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Southern Chorale takes highest score at international competition



Music_IconThe 34 members of the Georgia Southern Chorale returned triumphant from their second international competition. Southern Chorale received a Gold Diploma – Level VI and first place in the Spirituals Division, where it also earned the highest score awarded in the inaugural Sing’n’Joy Louisville international choir competition in Louisville, Ky, and won a Gold Diploma – Level V in the Mixed Choirs: Difficulty Level 1 category; only a half point separated the Chorale from category winners Coro San Ben Benildo of the Philippines.

“Two days later, I am still blown away by our Georgia Southern students’ performance – earning the highest score given in the competition! I am thrilled not only with the choir’s performances and victory but with how much we grew as musicians and as an ensemble,” said Shannon Jeffreys, D.A., director of choral activities. “We made new International friends with fellow performers and with the jurors. ”

Southern Chorale had been invited to perform along with local favorites the Lafayette High School Madrigal Singers and the University of Louisville Cardinal Singers on the festival’s Celebration Concert in the Kentucky Center for the Performing Arts. After hearing Chorale in a preliminary session with the judges, Dr. William Caldwell asked that they serve as the demonstration choir for his clinic session “The African American Spiritual Songs of Life and Death.” Southern Chorale was also asked to perform Sakkijarven Polka, a favorite of Artistic Director Christian Ljunggren of Sweden, at the Awards Ceremony on Sunday afternoon.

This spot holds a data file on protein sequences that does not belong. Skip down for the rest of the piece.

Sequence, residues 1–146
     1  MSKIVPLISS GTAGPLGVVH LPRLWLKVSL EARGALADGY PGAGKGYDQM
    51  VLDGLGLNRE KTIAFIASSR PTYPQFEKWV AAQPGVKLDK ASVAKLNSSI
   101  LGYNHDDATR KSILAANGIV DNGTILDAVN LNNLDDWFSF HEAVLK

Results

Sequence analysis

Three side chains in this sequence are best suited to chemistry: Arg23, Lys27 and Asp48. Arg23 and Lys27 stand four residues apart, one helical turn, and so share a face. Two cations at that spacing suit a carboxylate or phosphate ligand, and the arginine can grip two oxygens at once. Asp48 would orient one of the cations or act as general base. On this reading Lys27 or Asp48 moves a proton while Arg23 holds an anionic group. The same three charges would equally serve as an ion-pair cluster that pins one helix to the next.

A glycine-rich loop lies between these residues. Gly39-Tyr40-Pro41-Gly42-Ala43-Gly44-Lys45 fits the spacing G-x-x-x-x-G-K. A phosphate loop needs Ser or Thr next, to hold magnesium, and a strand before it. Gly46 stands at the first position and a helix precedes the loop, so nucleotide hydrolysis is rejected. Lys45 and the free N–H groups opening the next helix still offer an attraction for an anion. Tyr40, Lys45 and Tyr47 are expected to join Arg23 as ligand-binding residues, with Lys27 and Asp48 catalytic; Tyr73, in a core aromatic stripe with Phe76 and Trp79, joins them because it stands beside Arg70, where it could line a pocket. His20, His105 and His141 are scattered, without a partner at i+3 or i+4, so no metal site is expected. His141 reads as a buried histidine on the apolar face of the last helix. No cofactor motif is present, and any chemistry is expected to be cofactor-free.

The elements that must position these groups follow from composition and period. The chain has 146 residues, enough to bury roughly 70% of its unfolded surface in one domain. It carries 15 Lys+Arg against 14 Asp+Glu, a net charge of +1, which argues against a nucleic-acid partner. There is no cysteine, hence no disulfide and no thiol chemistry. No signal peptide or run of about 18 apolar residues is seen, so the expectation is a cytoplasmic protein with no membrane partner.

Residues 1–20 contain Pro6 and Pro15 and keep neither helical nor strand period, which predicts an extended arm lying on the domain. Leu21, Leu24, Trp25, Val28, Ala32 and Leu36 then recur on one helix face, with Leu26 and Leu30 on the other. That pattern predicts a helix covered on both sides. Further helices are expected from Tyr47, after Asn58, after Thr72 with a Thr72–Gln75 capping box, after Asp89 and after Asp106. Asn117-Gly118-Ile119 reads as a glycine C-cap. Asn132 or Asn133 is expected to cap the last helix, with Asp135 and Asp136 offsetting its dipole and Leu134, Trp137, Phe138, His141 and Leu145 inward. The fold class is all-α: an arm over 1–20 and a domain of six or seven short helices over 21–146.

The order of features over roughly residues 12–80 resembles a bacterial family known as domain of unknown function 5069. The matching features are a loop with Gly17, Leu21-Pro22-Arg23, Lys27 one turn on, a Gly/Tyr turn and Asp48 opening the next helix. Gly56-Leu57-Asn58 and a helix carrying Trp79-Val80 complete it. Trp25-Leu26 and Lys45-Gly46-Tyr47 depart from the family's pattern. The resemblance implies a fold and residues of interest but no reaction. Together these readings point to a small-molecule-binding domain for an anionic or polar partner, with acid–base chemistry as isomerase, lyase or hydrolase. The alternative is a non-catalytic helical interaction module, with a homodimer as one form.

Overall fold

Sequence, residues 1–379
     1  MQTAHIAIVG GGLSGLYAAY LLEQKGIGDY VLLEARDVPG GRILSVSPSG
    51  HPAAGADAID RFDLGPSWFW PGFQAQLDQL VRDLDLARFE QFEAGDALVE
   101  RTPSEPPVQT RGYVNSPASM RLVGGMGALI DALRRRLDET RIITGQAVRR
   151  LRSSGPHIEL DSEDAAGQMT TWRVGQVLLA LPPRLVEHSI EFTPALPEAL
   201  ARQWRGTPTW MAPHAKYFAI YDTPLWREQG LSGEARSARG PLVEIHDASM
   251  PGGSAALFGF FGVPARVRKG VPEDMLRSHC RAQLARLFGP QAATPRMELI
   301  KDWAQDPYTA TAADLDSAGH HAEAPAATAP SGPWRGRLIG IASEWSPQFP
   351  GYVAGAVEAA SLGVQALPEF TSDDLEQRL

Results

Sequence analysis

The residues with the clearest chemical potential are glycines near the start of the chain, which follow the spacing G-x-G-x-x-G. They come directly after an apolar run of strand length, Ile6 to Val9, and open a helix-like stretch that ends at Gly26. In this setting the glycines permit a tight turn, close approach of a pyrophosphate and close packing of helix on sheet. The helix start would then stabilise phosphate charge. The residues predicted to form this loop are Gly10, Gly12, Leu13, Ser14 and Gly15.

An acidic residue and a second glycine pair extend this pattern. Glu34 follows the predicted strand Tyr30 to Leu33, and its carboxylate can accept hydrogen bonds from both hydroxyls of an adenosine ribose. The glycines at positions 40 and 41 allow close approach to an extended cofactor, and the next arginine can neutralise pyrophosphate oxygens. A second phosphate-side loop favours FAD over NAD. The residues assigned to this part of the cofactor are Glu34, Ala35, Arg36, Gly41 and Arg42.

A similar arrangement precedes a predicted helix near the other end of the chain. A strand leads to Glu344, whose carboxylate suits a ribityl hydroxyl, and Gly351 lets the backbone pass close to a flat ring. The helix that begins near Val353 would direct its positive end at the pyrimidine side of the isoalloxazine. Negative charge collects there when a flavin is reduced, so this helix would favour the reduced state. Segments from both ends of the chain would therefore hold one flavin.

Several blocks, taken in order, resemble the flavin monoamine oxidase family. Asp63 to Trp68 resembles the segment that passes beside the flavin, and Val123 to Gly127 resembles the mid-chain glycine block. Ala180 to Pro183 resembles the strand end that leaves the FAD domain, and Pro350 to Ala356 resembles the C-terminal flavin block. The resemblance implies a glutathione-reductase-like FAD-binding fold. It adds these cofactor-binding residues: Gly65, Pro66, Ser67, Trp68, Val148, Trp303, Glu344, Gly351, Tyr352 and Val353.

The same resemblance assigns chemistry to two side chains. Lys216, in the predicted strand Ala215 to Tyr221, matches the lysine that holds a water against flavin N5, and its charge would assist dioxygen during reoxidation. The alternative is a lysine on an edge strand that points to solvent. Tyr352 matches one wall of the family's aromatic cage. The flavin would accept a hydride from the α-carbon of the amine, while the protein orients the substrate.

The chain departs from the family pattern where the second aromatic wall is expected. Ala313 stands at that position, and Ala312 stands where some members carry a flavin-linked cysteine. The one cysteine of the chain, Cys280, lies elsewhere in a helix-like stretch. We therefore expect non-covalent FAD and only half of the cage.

Interkultur, the sponsor organization of Sing’n’Joy Louisville, is “dedicated to the goal of bringing people of all nations, cultures and ideologies together in peaceful competitions and songs.”

Several students in Southern Chorale compared Sing’n’Joy with their participation in last summer’s Anton Bruckner Choir Competition, in Linz, Austria.

“Knowing how things worked in the competition environment took a huge load of pressure off of us, and when it comes to things like this, any sort of relief is great,” said junior journalism major William Peebles. “However, having a few months to learn repertoire is far more strenuous and tiresome when you compare it to having the entire year to prepare like we did for Europe. The fact that our scores were higher this year shows the dedication and talent levels are rising, and that’s very exciting for the program.”

“I am extremely grateful for the opportunity to observe choirs and directors from around the world,” said Kirstin Willard, a junior music education major. “It was both a learning experience and a reminder of the passion that is so necessary to inspire our future careers.”

On Sunday, December 8, Southern Chorale will combine with University Singers, Women’s Chorale and the First United Methodist Chancel Choir to present “How Far is it to Bethlehem?” The concert is at 3 p.m. with an encore performance at 7 p.m., both at Statesboro First United Methodist Church on South Main Street. Admission is free, but an offering will be taken to support Chorale’s future participation in international competition.


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